What I wish I knew before entering my overseas university in the UK

It’s not just about the pina coladas

For all the lovely pictures you see of snow-filled windows, or your friends punting along the banks of Cambridge, or sipping pinã coladas along the beaches of Ibiza, it’s simply not true that studying abroad is always fun.
How do I know?
Well, I studied in Nottingham for 3 years. Before that, I used to scroll past the Instagram feeds of my friends, and look longingly at all the fun they seemed to be having. That was the key word.
Studying in Nottingham helped me see that many of these ‘fun’ experiences weren’t always the case, and the less appealing pains of studying abroad were often glossed over, almost as if they didn’t exist.
This article hopes to address these myths, and present a more realistic picture of what life is like studying in the U.K., even as the new autumn semester begins.

Relax, your studies are going to be easy

I would be a millionaire if I had a penny for every time a friend or a family member said this to me. There’s the misconception that studying overseas is easier.
Well, it wasn’t, in my experience.
I studied social work in the U.K., and in the first week, I remembered that as everyone else was busy partying, I was trying to wrap my head around the social welfare system of the U.K. I was figuring out the different assistance schemes there were.
It wasn’t that easy. Beyond understanding the differing policies, also involved grasping the varying cultural nuances. For example, I couldn’t understand why the British introduced a cradle-to-grave welfare system, when it seemed clear that this would prompt heavy reliance on the state. It was only after this was placed in the context of providing for the nation’s veterans who had sacrificed nearly everything for the war that I realised the cultural nuance behind this policy.
British universities are also not devoid of the dreaded project work. I was the only international student on my course and this meant that all my group mates were British. It took some time for me to understand their working styles and to figure out how to get all of us driving forward in alignment.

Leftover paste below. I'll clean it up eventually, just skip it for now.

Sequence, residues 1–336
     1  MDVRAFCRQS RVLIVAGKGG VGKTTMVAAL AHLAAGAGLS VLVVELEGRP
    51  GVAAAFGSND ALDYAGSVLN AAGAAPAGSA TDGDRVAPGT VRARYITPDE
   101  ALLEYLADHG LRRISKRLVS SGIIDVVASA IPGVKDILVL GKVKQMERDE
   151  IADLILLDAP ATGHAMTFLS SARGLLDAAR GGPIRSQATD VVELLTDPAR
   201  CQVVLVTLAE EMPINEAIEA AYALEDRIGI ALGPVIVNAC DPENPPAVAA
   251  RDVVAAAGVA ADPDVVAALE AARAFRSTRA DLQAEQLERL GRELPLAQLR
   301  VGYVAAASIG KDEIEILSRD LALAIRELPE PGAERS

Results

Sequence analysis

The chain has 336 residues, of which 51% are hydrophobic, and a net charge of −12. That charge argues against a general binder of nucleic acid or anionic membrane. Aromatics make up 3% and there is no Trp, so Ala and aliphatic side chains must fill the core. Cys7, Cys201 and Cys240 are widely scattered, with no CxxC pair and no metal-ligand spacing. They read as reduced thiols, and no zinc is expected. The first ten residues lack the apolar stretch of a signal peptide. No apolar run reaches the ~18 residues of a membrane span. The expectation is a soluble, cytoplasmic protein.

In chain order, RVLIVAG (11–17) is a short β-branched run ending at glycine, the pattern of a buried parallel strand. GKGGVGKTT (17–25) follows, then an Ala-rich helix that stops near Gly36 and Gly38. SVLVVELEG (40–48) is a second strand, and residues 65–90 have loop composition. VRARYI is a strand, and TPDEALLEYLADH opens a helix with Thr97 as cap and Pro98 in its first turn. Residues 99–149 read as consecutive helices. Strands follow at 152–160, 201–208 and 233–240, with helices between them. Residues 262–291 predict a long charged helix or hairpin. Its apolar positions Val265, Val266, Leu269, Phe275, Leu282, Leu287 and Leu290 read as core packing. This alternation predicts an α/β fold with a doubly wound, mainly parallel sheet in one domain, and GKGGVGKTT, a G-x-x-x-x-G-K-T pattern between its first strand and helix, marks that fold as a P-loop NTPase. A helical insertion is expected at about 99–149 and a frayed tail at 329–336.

Most importantly, because I was an international student and paying so much more money, I felt the added pressure of working harder to make the money worth it. This meant that even on my placements, my routine looked somewhat like this:
Time Activity
0630 Wake up
0700 – 0745 Gym
0800 – 0830 Take bus to work
0830 – 1700 Work
1700 – 1730 Splash together granola and soy milk for dinner
1800 – 2000 Work on extracurricular work
One foggy morning, as I was racing on my bike to get to the gym, as I approached the end of the roundabout, BANG!
I collided with a car.
My first thought wasn’t: Oh no, how do I get to my placement now?
It was: What’s going to happen to my six-packs now?
Needless to say, the bruised ribs and cracked bicycle frame was a powerful lesson in learning to slow down.
Studying in the U.K. definitely isn’t easy.
And if you think that you’re going to the U.K. for a breeze through your studies, I would encourage you to think again.

You’ll find friends

A deliberate choice I made during my time abroad was not to spend more time within Singaporean circles. I felt I hadn’t flown 10,000 miles to find more Singaporeans, and thought that my experience would be limited if I kept myself within my friendship comfort zone.

But it also meant that I looked long and hard for friends who didn’t like partying. The nature of university means that friends are often quick to come, and go, as students are constantly moving onto exchanges, years abroad, or internships.